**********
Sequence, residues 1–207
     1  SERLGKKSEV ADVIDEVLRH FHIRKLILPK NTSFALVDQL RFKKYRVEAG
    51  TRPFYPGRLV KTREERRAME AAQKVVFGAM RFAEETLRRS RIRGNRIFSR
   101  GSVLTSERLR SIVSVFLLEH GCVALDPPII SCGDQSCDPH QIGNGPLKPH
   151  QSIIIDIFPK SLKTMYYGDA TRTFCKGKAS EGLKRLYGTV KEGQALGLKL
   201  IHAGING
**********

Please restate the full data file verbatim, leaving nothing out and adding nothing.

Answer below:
Sequence, residues 1–207
     1  SERLGKKSEV ADVIDEVLRH FHIRKLILPK NTSFALVDQL RFKKYRVEAG
    51  TRPFYPGRLV KTREERRAME AAQKVVFGAM RFAEETLRRS RIRGNRIFSR
   101  GSVLTSERLR SIVSVFLLEH GCVALDPPII SCGDQSCDPH QIGNGPLKPH
   151  QSIIIDIFPK SLKTMYYGDA TRTFCKGKAS EGLKRLYGTV KEGQALGLKL
   201  IHAGING